Let’s dive into the nuts and bolts of standards.
Welcome to the 16th issue of Bottle Bill Common Ground — a limited-series newsletter from Reloop North America highlighting evidence-based guidance for policy makers, industry, and advocates working on bottle bills. (If you haven’t read our first 15 issues, you can do so here.)
We are now focused on 10 essential practices — requirements on how to build, run, and maintain a modern deposit return system (DRS) for beverage containers. The sixth essential practice is:
It’s worth repeating yet again: Convenience and user experience are two essential factors to consider when planning and implementing a modern DRS that works for all. And the essential practice that helps get us there is standards on the operations of collection points.
Collection standards are triple-threat. They not only 1) ensure ease and accessibility for consumers but also 2) reduce fraud and 3) build system accountability. The same holds true for specific operational requirements for manual and automated redemption points with reverse vending machines (RVMs).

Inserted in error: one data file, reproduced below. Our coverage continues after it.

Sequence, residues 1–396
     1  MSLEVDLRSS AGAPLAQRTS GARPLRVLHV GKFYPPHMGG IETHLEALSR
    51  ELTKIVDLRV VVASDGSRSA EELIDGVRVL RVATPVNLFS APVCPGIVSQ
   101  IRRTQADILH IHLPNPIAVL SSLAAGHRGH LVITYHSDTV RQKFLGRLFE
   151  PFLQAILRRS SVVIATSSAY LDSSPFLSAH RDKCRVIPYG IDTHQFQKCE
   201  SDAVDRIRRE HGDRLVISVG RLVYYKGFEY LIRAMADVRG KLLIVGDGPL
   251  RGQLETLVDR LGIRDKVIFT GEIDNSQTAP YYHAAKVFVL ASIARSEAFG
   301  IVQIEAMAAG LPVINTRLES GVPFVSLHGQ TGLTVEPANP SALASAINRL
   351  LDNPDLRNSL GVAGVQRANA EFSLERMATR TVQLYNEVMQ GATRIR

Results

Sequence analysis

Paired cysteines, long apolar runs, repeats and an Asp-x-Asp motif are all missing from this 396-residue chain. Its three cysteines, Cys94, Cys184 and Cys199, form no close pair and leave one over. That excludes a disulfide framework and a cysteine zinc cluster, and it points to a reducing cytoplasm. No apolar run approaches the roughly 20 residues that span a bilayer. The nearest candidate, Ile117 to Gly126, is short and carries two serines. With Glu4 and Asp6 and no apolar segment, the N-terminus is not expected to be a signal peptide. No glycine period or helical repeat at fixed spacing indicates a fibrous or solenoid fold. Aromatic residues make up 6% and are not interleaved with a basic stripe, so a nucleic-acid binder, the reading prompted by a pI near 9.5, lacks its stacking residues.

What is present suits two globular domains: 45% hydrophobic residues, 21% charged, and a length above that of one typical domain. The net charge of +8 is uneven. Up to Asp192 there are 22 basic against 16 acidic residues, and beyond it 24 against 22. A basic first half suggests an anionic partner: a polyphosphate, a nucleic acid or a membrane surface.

Consumer Ease and Equity
Experience from DRSs around the world shows that return-to-retail (R2R) systems can best meet access and user experience criteria. In past issues of Bottle Bill Common Ground, we’ve cited Reloop research showing a median 87% return rate for beverage containers in retail-based systems versus a 71% median return rate for return-to-redemption center systems.
Achieving a strong retail-based redemption network begins with legislated mandates that require retailers selling beverages to accept empty containers for recycling and provide consumers with a quick refund of their deposit. Without minimum collection requirements, some consumers will be unable to redeem their containers easily, undermining system equity, and businesses are more likely to ignore their legal responsibility to participate in the system.
To ensure equitable, easy, and timely access to return points, DRS legislation should encompass provisions for retailers to follow, including:
Offering a clean, safe, and well-lit site
Situating the return point inside a building or in a closed shelter
Providing a non-trash receptacle for rejected containers